Green Visions: The Future of Solar in Duluth
What does it take to get renewable energy into a community. Well, a million dollars doesn’t hurt. “We just heard back on a department of energy grant,” says Mindy Granley, Sustainability Officer for the City of Duluth. The awarded grant gives Duluth $997,000 to work with. But it takes more than that; preparation, research, and input from the community will fill out the next two years for many involved in the solar-planning process.
Among the questions to be answered is where to put solar in the area. "You have to do it the right way," says Granley who's heard a lot of opinions about locations for such a project. "There's going to be some technical siting and investigation that's going to be really exciting." Interconnection with current utilities and high-use areas come into play when attacking this particular conversation.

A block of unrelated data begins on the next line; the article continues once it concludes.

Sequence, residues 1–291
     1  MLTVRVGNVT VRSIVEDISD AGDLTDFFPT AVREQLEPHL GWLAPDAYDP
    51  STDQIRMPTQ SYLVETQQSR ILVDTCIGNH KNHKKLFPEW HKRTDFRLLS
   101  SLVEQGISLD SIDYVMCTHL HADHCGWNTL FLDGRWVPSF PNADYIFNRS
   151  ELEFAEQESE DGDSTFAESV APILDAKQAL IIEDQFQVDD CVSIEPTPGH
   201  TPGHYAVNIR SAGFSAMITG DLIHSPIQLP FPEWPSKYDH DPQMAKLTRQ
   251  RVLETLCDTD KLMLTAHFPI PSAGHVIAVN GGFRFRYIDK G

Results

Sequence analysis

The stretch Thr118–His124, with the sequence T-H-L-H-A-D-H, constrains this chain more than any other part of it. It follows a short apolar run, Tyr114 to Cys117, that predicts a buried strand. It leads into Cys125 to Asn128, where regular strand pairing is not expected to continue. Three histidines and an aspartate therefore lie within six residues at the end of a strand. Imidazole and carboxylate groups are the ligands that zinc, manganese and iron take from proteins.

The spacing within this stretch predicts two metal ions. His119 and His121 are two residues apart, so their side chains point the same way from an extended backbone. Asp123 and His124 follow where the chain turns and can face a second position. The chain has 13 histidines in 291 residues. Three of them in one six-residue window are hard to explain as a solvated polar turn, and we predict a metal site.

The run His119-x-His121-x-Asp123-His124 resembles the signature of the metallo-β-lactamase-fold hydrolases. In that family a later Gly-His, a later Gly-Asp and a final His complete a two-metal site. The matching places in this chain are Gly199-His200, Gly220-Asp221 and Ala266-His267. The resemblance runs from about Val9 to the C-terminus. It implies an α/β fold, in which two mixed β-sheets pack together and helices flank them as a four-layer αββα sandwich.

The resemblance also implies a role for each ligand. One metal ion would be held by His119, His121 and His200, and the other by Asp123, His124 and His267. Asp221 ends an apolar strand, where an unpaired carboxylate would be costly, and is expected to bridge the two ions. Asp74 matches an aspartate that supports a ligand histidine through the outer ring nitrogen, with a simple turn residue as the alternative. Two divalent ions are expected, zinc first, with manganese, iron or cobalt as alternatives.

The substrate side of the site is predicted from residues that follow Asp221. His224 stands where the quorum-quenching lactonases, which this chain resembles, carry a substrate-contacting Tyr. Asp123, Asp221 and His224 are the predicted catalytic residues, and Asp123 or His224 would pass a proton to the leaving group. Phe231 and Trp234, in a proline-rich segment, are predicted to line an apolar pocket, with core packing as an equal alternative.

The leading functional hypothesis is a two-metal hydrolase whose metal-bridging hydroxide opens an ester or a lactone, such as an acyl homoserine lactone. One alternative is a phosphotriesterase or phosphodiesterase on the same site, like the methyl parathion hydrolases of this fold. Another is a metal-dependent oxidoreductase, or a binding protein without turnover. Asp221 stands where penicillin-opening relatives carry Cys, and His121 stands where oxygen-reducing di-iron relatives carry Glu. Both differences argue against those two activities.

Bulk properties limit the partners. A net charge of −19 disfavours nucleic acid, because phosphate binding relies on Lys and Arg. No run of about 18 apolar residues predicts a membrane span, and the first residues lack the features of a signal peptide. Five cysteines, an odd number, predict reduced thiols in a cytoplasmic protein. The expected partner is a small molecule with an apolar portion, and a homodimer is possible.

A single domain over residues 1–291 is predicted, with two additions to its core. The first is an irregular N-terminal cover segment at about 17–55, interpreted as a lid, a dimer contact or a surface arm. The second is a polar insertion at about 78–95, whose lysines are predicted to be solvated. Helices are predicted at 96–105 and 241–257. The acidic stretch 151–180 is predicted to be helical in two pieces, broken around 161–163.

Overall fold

Though the immediate impact will be on the local community, Granley views this as an opportunity to set an example for other municipalities to move forward with renewables. "[We plan] to prepare a toolkit for other medium-size cities to use, to replicate this process." And with the right input, community response, and a thoughtful approach, there is hope that Duluth will be a model city for a renewable future.